The 'high dose-refuge' (HDR) strategy is commonly recommended and currently used for delaying or preventing pest adaptation to transgenic plants producing Bacillus thuringiensis (Bt) toxins. The efficiency of this strategy depends, among other factors, on the initial frequency of Bt resistance alleles and on the fitness costs associated with these alleles. Two years ago, an allele conferring resistance to Bt poplar was detected in a French population of the poplar pest Chrysomela tremulae F. Although this pest had never been subjected to Bt selection pressure due to human activities, the frequency of this allele was estimated at 0.0037, with a 95% credible (CI) interval of 0.00045-0.0080. We investigated the frequency of this allele in a second sample of C. tremulae collected more than 500 km from the site of the initial population. The estimated frequency in this sample was 0.0113 (95% CI 0.0031-0.0247), reinforcing the conclusion that resistance to Bt plants may be present at detectable frequencies in pest populations before selection resulting from pest management by humans. The frequency of the Bt resistance allele over the two samples was 0.0049 (95% CI 0.0020-0.0091). We also followed five laboratory lines in which the frequency of this allele was initially fixed at 0.500. After five generations maintained on non-Bt poplar leaves, the frequency of this allele decreased in all lines, whereas allelic frequencies at a neutral locus were unaffected. Thus, the Bt resistance allele detected in French populations of C. tremulae is probably associated with a fitness cost.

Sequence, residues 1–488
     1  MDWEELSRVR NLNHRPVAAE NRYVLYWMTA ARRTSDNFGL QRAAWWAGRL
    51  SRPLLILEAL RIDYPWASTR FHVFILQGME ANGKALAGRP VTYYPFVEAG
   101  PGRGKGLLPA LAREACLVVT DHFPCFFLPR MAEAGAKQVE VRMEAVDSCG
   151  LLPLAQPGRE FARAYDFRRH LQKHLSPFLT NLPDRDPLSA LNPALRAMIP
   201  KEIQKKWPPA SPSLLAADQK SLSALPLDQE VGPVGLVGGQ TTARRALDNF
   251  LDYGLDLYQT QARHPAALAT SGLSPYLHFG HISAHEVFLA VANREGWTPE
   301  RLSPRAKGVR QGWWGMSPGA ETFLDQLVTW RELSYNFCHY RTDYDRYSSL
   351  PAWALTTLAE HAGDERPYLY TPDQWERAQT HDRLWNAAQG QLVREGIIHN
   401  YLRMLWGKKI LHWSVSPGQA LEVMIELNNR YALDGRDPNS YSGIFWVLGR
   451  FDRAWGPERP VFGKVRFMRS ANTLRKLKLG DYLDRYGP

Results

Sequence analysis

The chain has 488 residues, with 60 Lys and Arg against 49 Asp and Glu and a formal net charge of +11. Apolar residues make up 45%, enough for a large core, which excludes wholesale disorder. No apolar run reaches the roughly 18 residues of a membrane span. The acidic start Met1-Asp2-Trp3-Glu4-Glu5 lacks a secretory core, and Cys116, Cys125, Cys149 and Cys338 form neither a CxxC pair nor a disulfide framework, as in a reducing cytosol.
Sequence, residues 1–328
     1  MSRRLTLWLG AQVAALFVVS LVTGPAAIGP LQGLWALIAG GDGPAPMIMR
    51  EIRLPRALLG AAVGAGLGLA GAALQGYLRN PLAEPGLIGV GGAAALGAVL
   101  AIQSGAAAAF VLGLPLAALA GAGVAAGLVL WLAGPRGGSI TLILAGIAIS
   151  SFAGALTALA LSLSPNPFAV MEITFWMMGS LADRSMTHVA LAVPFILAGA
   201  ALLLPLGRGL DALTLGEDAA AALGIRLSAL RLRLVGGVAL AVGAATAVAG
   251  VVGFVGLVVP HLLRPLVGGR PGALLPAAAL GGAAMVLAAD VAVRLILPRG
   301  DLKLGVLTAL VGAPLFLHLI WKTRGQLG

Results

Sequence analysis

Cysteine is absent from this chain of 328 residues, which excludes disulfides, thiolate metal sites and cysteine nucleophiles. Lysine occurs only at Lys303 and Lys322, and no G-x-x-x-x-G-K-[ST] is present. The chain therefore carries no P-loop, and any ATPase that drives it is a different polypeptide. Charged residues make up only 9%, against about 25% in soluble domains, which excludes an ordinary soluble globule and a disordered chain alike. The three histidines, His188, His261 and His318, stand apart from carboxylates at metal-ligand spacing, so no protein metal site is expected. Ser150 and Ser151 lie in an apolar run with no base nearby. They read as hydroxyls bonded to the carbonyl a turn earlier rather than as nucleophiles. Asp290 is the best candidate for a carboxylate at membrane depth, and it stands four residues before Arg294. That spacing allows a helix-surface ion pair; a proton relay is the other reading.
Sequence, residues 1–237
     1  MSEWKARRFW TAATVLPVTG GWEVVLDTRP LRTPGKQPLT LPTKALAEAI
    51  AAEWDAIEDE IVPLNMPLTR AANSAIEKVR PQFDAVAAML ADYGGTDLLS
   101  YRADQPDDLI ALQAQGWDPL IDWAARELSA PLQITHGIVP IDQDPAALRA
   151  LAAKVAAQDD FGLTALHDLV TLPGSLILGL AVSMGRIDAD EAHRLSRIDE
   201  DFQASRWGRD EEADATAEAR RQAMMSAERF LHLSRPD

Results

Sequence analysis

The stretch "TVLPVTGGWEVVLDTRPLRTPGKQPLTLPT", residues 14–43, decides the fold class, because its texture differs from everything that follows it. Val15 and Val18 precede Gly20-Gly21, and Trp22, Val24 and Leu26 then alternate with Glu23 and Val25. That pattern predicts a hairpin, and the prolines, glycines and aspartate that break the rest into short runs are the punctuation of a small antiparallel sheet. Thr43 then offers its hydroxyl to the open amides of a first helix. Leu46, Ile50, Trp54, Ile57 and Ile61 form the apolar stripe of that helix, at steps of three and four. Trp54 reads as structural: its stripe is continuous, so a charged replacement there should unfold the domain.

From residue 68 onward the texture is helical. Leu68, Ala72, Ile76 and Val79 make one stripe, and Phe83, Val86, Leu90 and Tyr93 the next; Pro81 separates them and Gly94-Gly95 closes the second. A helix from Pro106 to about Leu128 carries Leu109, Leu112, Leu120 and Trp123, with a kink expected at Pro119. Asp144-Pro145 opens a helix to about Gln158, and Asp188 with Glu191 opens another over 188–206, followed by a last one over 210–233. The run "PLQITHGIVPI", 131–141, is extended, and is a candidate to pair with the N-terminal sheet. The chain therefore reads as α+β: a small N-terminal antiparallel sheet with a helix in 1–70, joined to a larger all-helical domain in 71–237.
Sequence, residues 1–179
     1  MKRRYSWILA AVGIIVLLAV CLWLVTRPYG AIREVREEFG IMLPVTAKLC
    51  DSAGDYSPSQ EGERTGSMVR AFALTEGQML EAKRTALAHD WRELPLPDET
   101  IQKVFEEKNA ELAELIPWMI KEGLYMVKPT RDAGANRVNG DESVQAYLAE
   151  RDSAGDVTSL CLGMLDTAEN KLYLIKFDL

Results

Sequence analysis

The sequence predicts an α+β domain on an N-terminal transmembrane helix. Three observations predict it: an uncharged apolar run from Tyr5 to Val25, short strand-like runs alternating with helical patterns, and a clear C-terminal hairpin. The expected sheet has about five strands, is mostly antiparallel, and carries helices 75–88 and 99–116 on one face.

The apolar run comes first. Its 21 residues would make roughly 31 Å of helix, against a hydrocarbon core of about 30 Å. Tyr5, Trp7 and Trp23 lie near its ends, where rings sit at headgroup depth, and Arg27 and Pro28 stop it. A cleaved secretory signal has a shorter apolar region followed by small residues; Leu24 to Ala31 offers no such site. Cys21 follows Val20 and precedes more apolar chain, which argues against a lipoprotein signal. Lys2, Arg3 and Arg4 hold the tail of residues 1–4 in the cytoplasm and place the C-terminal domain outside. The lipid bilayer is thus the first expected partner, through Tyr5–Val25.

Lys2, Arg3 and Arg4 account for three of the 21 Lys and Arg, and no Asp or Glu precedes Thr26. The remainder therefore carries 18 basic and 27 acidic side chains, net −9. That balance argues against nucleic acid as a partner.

Bibliographical noteFunding Information:
We would like to thank L Leniaud, S Ponsard and C Vauvarin for help with electrophoresis and R Therene, N Millet for the multiplication of Bt poplars. This work was supported by the AO of the Ministère de la Recherche ‘Impact des Organismes Génétiquement Modifés’.
- Bacillus thuringiensis
- Chrysomela tremulae
- Fitness cost
- Resistance allele frequency
- Resistance management
- Transgenic poplar